Riverside Plaza apartment complex in the Cedar-Riverside community of Minneapolis

On Monday of this past week, working-class Minneapolitans, specifically those who receive public housing assistance through Section 8 voucher programs, gained some breathing room after the Minnesota Court of Appeals ruled to uphold a contested Minneapolis city ordinance related to protecting tenants who use Section 8 vouchers.  As a result, the city of Minneapolis can now enforce its ordinance, which effectively bans landlords from discriminating against prospective tenants solely due on the fact that they use Section 8 vouchers.

Susan Segal, Minneapolis City Attorney, said she is “pleased but not surprised” by the ruling.

"The purpose of the ordinance is very simple. It's to increase opportunities for housing for people who... are participants in this Section 8 housing choice voucher program so that they have more opportunities to live in different parts of the city than they do currently," Segal said.

To date, Minneapolis is the one and only city in the state with such source-of-income discrimination protection for Section 8 voucher recipients. However, beyond Minnesota, there are many states, counties and cities across the nation that don't have these protections.

"There's always a number of people who hold these vouchers that can't find a place to rent and so that's an issue that's very important to the city. It's a big issue across the state and across the country now," Segal continued.

The ordinance was originally contested by a district court judge back in 2018, who sided with the landlords in the lawsuit, stating "Over three-quarters of Minneapolis landlords do not now accept Section 8 vouchers. A conclusive presumption automatically tarring all of them with the brush of discrimination violates their due process rights."

Regarding the ruling, Tom Fletcher, primary plaintiff in the suit and president of Fletcher Properties Inc., said, "We are disappointed with the appeals court ruling overturning the district court's decision in our favor. We will likely be appealing the Appeals Court ruling to the Minnesota Supreme Court."

While this ruling is a positive development and a gain for working-class renters in Minneapolis, as I have discussed previously on this platform, it must be stressed that this measure is but one of many small and ultimately useless “Band-Aid” solutions that can never hope to truly heal on the deep, vast wound that is housing development and policy driven by the logic of capital accumulation and profit instead of social need.  These problems cannot be addressed solely through struggle for electoral reforms, because bourgeois democracies like the united states ultimately represent the interests of the bourgeois class, despite any attempts at mystifying the class nature of the state via a controlled and largely pre-determined charade of “democratic participation” every few years, and the bourgeois class ultimately cannot structurally abide that which would be required to materially achieve true housing justice for all working and oppressed peoples: a revolutionary solution is needed.  As we can see by the persistence of landlord parasites like Tom Fletcher and others, the landlord class is willing and able to fight tooth and nail in order to defend their interests against those of marginalized Minneapolitans and they must be opposed at every turn by the masses of Minneapolis through mobilization of their own class power against that of the landlords. They complain about violation of their “right” to house only those who would be most profitable to house, while at the same time actively working to hinder access by working-class and nationally-oppressed Minneapolitans, those who are most vulnerable to housing insecurity yet who produce or enable the production of the vast majority of Minneapolis’ material wealth, to their true right to genuinely safe and accessible housing.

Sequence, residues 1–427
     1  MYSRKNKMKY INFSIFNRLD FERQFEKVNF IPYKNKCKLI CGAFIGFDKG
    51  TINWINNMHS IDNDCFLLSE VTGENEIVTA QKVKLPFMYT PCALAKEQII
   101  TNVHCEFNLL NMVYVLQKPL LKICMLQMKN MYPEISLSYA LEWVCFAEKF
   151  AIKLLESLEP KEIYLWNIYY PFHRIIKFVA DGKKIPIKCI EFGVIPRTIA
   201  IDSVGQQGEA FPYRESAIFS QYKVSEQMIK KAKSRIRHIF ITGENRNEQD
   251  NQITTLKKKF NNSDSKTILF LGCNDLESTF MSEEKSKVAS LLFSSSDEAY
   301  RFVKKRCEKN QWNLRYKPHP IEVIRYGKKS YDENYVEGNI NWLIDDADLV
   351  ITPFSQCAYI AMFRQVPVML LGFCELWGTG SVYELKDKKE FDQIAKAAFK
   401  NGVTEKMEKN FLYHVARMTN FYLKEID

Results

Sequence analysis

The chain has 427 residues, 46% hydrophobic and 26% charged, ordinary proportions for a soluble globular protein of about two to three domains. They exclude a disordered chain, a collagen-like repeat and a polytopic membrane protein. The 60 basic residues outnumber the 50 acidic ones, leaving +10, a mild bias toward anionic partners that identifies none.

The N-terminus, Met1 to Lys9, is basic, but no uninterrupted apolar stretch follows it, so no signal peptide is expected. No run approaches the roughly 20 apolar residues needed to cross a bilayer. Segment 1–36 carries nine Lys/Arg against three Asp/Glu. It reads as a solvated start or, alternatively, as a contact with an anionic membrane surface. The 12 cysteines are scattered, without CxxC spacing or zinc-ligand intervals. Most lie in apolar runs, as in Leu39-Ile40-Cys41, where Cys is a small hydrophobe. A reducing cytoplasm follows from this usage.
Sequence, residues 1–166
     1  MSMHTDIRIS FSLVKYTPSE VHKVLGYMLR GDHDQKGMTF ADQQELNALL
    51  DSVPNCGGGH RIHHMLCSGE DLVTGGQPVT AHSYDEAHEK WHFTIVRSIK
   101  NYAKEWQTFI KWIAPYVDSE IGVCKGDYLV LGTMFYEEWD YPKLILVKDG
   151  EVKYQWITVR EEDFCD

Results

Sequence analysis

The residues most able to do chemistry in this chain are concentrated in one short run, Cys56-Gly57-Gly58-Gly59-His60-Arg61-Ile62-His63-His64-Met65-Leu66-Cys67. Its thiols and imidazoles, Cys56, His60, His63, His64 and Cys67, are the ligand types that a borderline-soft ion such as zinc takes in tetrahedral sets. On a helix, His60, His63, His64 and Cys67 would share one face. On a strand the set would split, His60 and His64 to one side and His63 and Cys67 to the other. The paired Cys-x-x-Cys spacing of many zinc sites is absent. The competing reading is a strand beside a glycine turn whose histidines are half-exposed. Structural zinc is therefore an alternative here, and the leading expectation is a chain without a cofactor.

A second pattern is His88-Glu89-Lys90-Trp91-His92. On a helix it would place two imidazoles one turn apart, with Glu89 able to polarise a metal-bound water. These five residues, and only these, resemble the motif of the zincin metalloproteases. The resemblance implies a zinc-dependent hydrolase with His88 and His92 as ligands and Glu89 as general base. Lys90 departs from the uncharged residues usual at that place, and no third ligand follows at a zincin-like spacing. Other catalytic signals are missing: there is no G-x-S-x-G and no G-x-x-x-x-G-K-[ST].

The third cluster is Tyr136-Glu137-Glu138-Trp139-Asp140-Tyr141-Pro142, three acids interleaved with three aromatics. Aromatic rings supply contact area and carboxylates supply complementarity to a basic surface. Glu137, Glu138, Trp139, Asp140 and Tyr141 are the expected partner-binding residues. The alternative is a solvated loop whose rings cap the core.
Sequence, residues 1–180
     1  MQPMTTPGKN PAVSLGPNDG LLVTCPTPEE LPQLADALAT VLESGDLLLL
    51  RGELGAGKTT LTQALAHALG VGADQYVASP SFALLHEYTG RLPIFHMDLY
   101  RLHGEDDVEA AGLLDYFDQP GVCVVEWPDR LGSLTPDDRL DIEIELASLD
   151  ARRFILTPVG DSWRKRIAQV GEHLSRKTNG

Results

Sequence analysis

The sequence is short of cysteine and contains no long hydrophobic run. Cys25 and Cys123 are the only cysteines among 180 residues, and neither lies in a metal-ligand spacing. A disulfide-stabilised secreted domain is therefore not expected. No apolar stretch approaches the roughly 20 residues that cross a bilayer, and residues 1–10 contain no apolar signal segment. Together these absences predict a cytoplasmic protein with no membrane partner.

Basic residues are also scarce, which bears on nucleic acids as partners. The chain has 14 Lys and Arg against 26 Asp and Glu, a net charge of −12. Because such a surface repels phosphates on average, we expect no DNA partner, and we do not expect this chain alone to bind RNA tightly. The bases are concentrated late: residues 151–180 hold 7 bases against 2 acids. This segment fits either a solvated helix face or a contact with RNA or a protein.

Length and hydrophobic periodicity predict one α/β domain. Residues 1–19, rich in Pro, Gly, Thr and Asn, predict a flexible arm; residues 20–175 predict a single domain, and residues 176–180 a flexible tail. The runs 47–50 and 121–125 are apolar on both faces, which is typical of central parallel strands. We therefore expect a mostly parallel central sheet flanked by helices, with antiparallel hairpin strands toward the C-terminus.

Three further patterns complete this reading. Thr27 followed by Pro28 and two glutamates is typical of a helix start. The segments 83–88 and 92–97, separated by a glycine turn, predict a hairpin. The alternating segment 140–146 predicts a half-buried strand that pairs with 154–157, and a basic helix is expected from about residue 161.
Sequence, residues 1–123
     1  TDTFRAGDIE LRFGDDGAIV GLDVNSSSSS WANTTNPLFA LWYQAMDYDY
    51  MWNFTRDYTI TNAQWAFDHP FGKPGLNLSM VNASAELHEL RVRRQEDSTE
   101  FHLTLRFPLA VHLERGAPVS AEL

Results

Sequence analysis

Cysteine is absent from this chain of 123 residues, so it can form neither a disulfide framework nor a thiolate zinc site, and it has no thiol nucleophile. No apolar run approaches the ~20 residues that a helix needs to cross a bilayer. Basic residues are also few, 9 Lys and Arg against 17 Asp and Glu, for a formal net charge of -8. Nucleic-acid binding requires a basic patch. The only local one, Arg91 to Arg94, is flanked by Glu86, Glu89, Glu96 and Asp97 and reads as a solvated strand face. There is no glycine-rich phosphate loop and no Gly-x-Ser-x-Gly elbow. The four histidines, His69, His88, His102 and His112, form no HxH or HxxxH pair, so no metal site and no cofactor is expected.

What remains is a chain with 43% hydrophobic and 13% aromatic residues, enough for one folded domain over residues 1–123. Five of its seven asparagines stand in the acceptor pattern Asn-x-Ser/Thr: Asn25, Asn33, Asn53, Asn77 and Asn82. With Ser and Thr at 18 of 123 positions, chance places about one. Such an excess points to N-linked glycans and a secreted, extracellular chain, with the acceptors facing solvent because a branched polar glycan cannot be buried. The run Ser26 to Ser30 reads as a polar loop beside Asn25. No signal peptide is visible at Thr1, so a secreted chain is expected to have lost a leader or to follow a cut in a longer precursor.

Minneapolis Public Housing Authority administers about 5,000 Section 8 housing choice vouchers. Segal said she isn't sure when the ordinance will go into effect, but said it'll happen in the "not-too-distant future."

Red Mill City will have updated reports on this struggle as it develops and potentially escalates to the Minnesota Supreme Court.